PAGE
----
Dealing with a hearing and speech impaired patient can intensify the challenge while dealing with high-risk obstetric patients. In a multicentre study, Bartlett etal. found that patients with communication problems were three times more likely to experience a preventable adverse event than other patients.[4] Trained interpreters are preferred to converse with hearing impaired patients as relatives do not possess medical interpretation skills and are too emotionally involved to remain objective.[5] While the choice of epidural anesthesia by our patient was the safest option for her, it imposed an additional challenge, since her co-operation was required for the procedure. Since trained interpreters were unavailable, we had to rely on the patients' relatives to communicate with and counsel her. Neuraxial anesthesia can be explained using videos or flash cards.[6] Good intraoperative communication with the patient is necessary to assess sensory level of blockade and allay anxiety. Poor assessment and management of perioperative pain can have profound effects on patients leading to anxiety, sleep disturbances, irritability, aggression, and unwanted stress.[7] This would prove particularly hazardous in our patient, where it could potentially trigger cardiac decompensation. The need for the use of flash cards, interpretation for communication, increases the time required to obtain the requisite consent, thus putting a strain on the anesthesiologists during medical emergencies. We were fortunate to have had been involved in the preoperative period when there was no pressing maternal or fetal emergency, allowing us to successfully communicate, explain the prognosis, risks involved, allay her anxiety, and ensure her cooperation. Through the surgery, we continued to reassure our patient by holding her hand and providing positive nonverbal cues.


   Conclusion Top


The challenge of managing complex congenital cardiac diseases in obstetric practice is augmented when risks and management strategies cannot be communicated. However, our case report highlights that with extensive planning, interdisciplinary cooperation and active efforts to overcome communication barriers, it is possible to allow the patient to understand her disease, maintain her autonomy, and make an informed choice regarding the plan of anesthesia, all while successfully managing her disease.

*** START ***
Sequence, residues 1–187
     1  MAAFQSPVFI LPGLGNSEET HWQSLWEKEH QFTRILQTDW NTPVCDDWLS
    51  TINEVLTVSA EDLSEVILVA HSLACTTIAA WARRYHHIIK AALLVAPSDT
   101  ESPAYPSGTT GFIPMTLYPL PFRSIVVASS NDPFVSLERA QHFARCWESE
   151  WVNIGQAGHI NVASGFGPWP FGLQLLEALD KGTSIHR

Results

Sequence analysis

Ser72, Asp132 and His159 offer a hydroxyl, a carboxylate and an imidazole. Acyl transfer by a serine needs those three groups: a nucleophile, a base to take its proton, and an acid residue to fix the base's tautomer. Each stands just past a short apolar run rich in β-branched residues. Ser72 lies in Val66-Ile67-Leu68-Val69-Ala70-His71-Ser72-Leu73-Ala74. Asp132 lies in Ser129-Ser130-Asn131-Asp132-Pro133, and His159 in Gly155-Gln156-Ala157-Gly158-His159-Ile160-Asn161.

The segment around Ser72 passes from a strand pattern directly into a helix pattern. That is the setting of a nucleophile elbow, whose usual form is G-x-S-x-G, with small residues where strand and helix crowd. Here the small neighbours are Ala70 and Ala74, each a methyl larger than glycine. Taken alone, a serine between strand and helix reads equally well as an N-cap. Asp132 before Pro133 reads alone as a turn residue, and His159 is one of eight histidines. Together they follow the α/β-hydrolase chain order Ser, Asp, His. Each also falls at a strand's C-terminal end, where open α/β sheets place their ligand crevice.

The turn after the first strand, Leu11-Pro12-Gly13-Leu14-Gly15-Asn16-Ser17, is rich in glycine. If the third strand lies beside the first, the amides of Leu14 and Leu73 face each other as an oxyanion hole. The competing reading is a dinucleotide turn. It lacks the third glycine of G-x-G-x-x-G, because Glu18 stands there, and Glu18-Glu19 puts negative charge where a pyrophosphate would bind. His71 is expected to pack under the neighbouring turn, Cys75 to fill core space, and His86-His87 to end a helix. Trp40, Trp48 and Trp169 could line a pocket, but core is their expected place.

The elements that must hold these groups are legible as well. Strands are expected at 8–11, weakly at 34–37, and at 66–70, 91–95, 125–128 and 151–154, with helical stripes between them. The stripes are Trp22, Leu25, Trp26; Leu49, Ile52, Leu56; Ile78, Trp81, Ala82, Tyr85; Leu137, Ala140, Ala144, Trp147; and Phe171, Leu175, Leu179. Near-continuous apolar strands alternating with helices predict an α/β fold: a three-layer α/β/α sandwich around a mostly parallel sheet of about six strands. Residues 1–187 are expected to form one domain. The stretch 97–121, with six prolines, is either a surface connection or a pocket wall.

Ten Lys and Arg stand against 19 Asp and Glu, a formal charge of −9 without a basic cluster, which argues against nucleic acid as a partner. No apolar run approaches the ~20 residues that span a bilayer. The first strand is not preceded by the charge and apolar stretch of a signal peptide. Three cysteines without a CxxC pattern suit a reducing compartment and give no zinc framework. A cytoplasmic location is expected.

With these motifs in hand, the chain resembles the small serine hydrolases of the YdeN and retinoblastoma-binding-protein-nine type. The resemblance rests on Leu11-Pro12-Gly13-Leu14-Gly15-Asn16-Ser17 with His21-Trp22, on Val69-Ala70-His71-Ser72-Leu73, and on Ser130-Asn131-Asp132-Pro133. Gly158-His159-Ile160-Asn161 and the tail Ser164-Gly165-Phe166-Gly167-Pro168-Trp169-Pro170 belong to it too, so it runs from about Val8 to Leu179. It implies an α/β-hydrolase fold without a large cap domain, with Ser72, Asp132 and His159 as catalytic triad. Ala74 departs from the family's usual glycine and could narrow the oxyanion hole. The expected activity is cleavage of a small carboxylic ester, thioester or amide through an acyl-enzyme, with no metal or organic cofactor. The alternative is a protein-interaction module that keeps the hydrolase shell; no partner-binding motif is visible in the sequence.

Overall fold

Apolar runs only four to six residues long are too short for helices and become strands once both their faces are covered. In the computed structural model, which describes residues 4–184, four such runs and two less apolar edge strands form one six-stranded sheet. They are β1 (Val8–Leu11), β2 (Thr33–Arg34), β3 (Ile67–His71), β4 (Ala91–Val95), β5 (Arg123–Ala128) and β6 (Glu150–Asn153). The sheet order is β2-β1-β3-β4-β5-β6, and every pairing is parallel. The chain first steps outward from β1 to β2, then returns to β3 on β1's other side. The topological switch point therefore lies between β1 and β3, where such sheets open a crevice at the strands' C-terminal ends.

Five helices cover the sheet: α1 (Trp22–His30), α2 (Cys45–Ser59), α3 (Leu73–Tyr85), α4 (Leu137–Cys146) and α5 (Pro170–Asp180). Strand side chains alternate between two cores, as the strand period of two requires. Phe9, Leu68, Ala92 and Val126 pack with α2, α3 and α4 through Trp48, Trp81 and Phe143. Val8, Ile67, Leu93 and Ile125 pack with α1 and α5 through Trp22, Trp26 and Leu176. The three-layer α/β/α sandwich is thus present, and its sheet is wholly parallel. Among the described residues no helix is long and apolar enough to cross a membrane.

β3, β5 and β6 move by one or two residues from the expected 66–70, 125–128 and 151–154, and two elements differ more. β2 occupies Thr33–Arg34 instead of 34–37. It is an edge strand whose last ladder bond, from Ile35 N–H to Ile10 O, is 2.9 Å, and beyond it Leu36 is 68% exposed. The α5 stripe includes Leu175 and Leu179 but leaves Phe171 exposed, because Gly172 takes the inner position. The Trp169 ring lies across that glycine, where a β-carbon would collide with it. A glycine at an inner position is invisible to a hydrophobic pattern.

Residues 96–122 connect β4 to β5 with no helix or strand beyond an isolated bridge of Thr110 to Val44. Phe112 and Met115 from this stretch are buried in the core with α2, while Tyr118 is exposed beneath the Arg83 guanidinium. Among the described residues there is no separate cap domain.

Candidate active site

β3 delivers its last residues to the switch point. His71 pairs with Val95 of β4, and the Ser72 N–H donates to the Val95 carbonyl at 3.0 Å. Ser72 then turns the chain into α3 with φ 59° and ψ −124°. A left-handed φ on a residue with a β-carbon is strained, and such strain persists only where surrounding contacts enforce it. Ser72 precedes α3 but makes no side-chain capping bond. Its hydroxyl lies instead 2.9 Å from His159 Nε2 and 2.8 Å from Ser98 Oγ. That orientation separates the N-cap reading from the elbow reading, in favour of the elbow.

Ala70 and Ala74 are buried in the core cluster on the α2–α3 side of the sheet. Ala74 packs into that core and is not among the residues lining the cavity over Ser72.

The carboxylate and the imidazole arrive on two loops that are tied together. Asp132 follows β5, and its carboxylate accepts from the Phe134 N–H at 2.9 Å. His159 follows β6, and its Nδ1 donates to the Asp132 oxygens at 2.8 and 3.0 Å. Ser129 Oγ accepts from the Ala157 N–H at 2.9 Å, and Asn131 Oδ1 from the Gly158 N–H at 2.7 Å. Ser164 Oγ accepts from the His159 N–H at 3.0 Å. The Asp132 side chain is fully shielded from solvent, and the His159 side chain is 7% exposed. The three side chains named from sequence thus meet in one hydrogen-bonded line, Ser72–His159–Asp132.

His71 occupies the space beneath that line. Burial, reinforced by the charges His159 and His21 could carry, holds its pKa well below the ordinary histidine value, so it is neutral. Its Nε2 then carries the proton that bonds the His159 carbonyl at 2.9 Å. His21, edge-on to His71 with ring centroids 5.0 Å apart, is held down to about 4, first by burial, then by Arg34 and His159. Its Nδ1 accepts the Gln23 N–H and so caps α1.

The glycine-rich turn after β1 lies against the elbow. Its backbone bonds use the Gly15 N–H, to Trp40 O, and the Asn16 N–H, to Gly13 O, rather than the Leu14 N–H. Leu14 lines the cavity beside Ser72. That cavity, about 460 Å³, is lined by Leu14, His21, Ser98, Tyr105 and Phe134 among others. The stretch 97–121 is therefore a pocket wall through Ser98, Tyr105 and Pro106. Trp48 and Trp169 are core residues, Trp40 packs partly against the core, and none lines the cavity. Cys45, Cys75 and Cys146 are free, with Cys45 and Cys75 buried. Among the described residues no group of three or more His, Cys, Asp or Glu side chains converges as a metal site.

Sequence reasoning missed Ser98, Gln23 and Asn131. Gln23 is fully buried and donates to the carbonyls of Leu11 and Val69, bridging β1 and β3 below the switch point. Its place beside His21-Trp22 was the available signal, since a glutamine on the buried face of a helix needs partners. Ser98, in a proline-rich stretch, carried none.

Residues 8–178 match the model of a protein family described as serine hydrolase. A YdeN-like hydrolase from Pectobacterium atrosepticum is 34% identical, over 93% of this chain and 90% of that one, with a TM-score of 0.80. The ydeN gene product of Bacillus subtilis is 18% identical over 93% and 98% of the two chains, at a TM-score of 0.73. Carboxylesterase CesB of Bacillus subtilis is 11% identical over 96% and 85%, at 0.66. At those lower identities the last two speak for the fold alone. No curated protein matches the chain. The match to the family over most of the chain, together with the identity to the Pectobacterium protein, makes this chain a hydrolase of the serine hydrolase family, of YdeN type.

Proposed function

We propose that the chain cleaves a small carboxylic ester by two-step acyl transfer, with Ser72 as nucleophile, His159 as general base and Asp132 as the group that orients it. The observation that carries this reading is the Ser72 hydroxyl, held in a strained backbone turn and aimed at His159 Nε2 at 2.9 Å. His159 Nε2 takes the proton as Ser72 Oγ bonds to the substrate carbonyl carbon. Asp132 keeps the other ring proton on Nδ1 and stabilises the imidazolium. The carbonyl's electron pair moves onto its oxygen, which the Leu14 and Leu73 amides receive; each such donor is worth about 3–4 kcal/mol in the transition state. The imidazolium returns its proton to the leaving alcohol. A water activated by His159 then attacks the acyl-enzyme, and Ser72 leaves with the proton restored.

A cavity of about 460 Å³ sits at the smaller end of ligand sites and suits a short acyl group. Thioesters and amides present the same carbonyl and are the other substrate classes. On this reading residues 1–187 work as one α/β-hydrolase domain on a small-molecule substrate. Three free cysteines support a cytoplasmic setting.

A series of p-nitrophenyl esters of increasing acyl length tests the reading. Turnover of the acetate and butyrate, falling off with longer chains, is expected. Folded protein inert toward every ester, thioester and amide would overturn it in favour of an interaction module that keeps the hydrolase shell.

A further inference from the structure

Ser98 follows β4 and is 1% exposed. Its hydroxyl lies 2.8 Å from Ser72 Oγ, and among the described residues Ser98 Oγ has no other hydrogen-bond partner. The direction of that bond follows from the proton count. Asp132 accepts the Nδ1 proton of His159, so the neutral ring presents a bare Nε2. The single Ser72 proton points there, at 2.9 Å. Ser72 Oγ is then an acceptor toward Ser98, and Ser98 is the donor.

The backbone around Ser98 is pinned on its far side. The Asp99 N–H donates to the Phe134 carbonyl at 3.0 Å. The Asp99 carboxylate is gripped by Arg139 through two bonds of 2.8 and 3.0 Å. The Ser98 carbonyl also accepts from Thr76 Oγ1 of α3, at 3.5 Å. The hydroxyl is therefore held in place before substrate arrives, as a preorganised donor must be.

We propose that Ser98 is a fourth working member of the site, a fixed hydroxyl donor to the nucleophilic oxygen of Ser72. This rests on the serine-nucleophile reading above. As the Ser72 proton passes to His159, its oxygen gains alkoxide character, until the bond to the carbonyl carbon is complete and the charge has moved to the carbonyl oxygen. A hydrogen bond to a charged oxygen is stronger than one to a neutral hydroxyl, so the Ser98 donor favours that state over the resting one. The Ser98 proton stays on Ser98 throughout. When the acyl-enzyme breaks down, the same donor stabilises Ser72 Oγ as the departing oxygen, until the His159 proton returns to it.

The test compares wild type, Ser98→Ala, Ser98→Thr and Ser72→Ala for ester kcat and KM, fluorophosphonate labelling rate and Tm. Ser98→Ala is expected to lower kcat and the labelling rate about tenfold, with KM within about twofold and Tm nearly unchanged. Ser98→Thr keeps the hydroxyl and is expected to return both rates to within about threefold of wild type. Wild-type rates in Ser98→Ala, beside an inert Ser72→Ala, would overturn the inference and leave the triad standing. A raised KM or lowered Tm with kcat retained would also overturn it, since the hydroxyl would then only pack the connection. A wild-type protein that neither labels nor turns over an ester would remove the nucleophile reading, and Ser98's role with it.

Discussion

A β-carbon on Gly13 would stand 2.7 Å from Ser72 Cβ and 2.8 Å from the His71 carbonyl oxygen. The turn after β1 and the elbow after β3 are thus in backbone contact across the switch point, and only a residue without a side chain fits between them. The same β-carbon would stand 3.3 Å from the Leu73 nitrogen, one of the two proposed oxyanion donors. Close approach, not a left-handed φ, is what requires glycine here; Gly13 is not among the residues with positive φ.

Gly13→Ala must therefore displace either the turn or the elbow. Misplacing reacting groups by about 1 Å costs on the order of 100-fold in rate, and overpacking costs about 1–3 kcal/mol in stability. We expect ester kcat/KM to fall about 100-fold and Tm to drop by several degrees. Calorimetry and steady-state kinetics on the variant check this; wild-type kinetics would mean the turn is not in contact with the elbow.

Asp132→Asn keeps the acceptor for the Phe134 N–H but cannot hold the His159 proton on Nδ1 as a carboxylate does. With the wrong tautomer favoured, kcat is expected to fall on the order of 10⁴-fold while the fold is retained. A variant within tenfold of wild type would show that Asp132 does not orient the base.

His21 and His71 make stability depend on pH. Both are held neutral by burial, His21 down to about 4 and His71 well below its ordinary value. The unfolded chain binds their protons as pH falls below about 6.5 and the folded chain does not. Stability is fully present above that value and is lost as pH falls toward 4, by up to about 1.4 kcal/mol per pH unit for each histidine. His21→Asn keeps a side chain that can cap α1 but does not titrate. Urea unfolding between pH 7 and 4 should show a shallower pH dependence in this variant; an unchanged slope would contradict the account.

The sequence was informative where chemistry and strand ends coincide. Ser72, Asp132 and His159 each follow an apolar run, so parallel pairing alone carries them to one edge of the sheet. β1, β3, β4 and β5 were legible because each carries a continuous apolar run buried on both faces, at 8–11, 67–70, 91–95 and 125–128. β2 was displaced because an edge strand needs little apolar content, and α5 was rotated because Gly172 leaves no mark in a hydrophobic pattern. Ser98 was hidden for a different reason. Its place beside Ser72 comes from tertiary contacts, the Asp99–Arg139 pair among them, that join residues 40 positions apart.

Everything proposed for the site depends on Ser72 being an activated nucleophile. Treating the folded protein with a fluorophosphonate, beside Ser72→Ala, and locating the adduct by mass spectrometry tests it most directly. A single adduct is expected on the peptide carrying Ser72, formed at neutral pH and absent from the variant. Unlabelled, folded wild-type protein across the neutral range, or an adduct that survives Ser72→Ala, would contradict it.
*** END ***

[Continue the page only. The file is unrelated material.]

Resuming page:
Declaration of patient consent

The authors certify that they have obtained all appropriate patient consent forms. In the form the patient(s) has/have given his/her/their consent for his/her/their images and other clinical information to be reported in the journal. The patients understand that their names and initials will not be published and due efforts will be made to conceal their identity, but anonymity cannot be guaranteed.

Financial support and sponsorship

Nil.

Conflicts of interest

There are no conflicts of interest.



 
   References Top

1.
YuanSM. Eisenmenger syndrome in pregnancy. Braz J Cardiovasc Surg 2016;31:325-9.  Back to cited text no. 1
    
2.
KaemmererH, MebusS, Schulze-NeickI, EickenA, TrindadePT, HagerA, etal. The adult patient with eisenmenger syndrome: Amedical update after dana point partI: Epidemiology, clinical aspects and diagnostic options. Curr Cardiol Rev 2010;6:343-55.  Back to cited text no. 2
    
3.
FangG, TianYK, MeiW. Anaesthesia management of caesarean section in two patients with Eisenmenger's syndrome. Anesthesiol Res Pract 2011;2011:972671.  Back to cited text no. 3
    
4.
BartlettG, BlaisR, TamblynR, ClermontRJ, MacGibbonB. Impact of patient communication problems on the risk of preventable adverse events in acute care settings. CMAJ 2008;178:1555-62.  Back to cited text no. 4
    
5.
SmithLS. Tune into safety for hearing-impaired patients. Nursing 2015;45:64-6.  Back to cited text no. 5
    
6.
BhalotraAR, KakkarB. Anesthesia for the deaf and mute. Korean J Anesthesiol 2017;70:654-5.  Back to cited text no. 6
    
7.
ChowdhryV, PadhiM, MohantyBB, BiswalS. Perioperative challenges in management of a deaf and dumb patient posted for high-risk cardiac surgery. Ann Card Anaesth 2016;19:564-7.  Back to cited text no. 7
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Correspondence Address:
Gauri R Gangakhedkar
13/14, Chandangad Apartments, Next to Rahul Nagar, Near Karve Putala, Kothrud - 411 038, Pune, Maharashtra
India
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Source of Support: None, Conflict of Interest: None


DOI: 10.4103/aca.ACA_175_18